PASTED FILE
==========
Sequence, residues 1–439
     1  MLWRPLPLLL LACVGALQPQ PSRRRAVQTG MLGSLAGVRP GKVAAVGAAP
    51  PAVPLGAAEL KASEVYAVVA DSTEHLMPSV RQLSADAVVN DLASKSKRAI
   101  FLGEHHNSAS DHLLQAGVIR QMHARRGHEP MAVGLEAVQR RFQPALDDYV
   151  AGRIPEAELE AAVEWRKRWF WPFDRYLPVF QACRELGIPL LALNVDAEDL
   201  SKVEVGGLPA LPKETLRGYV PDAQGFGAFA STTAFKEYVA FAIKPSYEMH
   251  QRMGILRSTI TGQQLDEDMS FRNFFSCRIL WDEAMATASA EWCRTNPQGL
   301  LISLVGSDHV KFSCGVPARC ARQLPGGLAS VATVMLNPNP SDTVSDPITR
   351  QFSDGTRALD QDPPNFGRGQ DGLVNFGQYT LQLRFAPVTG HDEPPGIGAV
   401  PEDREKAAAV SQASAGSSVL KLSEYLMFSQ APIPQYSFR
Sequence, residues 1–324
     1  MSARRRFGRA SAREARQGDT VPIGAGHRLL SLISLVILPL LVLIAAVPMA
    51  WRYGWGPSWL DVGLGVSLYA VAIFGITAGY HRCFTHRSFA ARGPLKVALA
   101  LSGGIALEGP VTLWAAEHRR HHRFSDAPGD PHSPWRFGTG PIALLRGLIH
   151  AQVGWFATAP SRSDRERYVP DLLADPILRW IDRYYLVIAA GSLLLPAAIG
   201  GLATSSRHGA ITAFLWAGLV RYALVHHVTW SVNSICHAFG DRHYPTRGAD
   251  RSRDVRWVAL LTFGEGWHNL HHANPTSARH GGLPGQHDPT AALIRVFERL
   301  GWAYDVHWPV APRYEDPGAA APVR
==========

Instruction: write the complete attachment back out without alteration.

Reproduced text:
Sequence, residues 1–439
     1  MLWRPLPLLL LACVGALQPQ PSRRRAVQTG MLGSLAGVRP GKVAAVGAAP
    51  PAVPLGAAEL KASEVYAVVA DSTEHLMPSV RQLSADAVVN DLASKSKRAI
   101  FLGEHHNSAS DHLLQAGVIR QMHARRGHEP MAVGLEAVQR RFQPALDDYV
   151  AGRIPEAELE AAVEWRKRWF WPFDRYLPVF QACRELGIPL LALNVDAEDL
   201  SKVEVGGLPA LPKETLRGYV PDAQGFGAFA STTAFKEYVA FAIKPSYEMH
   251  QRMGILRSTI TGQQLDEDMS FRNFFSCRIL WDEAMATASA EWCRTNPQGL
   301  LISLVGSDHV KFSCGVPARC ARQLPGGLAS VATVMLNPNP SDTVSDPITR
   351  QFSDGTRALD QDPPNFGRGQ DGLVNFGQYT LQLRFAPVTG HDEPPGIGAV
   401  PEDREKAAAV SQASAGSSVL KLSEYLMFSQ APIPQYSFR
Sequence, residues 1–324
     1  MSARRRFGRA SAREARQGDT VPIGAGHRLL SLISLVILPL LVLIAAVPMA
    51  WRYGWGPSWL DVGLGVSLYA VAIFGITAGY HRCFTHRSFA ARGPLKVALA
   101  LSGGIALEGP VTLWAAEHRR HHRFSDAPGD PHSPWRFGTG PIALLRGLIH
   151  AQVGWFATAP SRSDRERYVP DLLADPILRW IDRYYLVIAA GSLLLPAAIG
   201  GLATSSRHGA ITAFLWAGLV RYALVHHVTW SVNSICHAFG DRHYPTRGAD
   251  RSRDVRWVAL LTFGEGWHNL HHANPTSARH GGLPGQHDPT AALIRVFERL
   301  GWAYDVHWPV APRYEDPGAA APVR